The number of nurses working in the NHS has fallen again, with employers turning to cheaper healthcare assistants to plug the gaps, latest figures suggest.
Latest workforce data from the NHS Information Centre shows that for the 12 months between September 2011 and 2012, the number of registered nurses in England dropped by 2,283 – equivalent to 0.7%. But the number of healthcare assistants jumped 5.1%, a rise of 2,691, during the same period.
There is also strong evidence that trusts are also using more agency and bank staff.
Unions have increasingly raised concerns about reductions in qualified staff, changes to skill mix ratios and the resulting impact these trends may have on patient care.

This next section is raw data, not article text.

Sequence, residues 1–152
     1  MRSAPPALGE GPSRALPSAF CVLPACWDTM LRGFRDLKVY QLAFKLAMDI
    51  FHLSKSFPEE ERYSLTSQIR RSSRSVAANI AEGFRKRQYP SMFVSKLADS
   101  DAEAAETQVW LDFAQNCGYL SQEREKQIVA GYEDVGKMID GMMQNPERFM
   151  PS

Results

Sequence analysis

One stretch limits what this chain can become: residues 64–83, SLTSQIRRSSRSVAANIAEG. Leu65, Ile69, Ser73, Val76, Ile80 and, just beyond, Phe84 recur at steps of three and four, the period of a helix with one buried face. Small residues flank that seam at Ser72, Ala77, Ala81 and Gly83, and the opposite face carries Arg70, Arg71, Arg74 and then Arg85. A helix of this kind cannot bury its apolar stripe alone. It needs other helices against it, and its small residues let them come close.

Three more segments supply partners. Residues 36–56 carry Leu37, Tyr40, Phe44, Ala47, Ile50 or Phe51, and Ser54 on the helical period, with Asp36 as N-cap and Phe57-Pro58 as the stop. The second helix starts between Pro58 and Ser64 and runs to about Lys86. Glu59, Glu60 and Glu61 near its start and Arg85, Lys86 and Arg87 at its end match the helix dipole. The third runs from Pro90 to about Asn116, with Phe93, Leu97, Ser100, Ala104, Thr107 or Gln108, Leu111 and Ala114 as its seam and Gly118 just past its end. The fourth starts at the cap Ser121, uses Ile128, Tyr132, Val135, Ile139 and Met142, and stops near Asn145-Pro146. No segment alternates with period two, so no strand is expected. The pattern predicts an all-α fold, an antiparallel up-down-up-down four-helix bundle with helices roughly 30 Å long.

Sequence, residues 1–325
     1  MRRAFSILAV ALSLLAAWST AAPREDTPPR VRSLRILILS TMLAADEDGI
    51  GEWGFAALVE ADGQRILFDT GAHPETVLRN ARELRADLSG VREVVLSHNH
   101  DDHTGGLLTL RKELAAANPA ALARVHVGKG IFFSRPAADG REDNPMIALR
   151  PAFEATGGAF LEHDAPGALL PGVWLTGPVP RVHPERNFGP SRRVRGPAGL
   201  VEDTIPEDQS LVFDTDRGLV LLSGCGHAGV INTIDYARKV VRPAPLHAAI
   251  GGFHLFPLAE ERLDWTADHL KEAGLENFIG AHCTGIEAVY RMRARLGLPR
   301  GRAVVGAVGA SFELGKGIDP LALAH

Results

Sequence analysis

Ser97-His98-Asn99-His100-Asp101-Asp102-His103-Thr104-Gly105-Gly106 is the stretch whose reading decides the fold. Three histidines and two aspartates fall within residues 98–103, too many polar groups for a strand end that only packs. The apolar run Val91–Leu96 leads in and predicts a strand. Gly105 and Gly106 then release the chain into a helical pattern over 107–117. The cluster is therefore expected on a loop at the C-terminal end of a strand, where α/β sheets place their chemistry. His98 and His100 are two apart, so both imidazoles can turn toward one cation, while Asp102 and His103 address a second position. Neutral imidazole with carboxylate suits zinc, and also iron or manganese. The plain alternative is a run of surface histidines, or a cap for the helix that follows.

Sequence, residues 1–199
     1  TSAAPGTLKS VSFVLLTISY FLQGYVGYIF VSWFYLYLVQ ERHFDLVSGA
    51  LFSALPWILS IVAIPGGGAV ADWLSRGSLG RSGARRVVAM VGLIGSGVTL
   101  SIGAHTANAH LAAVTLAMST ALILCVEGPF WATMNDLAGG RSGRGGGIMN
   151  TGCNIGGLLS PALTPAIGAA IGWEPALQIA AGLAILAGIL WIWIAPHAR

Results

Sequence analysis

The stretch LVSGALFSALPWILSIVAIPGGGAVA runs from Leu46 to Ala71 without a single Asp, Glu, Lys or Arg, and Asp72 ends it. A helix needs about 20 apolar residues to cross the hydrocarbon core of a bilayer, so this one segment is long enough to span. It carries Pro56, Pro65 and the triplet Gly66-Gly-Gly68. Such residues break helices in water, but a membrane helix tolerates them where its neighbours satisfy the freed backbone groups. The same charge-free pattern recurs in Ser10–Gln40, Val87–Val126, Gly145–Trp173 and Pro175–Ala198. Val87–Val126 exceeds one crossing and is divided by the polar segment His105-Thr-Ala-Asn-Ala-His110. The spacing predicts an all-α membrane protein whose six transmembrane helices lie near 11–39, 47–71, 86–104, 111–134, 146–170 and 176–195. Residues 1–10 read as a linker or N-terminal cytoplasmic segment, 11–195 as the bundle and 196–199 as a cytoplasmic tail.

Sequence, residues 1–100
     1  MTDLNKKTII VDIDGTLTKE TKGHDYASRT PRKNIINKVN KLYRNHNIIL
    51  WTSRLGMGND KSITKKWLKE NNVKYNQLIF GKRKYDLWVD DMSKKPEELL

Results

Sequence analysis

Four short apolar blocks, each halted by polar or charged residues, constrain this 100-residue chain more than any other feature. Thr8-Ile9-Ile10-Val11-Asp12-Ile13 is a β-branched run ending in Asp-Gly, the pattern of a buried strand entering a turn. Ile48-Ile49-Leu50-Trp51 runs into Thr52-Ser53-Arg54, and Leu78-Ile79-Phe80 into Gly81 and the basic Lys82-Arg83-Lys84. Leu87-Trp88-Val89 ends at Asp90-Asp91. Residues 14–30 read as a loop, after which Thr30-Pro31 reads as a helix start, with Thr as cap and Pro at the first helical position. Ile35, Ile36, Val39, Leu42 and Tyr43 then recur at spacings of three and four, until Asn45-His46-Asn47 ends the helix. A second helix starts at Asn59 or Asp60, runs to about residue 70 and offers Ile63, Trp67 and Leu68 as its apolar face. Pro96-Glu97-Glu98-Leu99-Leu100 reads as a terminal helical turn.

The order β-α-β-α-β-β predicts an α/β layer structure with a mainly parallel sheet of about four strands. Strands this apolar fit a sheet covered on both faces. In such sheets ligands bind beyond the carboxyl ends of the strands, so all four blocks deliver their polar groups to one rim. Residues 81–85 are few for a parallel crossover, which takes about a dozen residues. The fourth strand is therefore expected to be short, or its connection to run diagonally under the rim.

Overall, the figures showed that a total of 1.36 million people were working in the NHS in England at 30 September 2012, down by 3,238, or 0.2%, compared to 2011.
NHS Employers director Dean Royles said: “The NHS is under enormous financial pressure so it’s hardly surprising that we have seen a reduction in workforce numbers.”
But Royal College of Nursing director of policy told a Healthcare Conferences UK event last week that he was “deeply worried” by the nursing workforce trend.
“There is evidence that we have entered back into the ‘bust phase’ of what nursing always does – boom and bust in terms of the size of the nursing workforce,” Mr Catton told delegates at the Nursing Staffing Levels and Skillmix conference in London.
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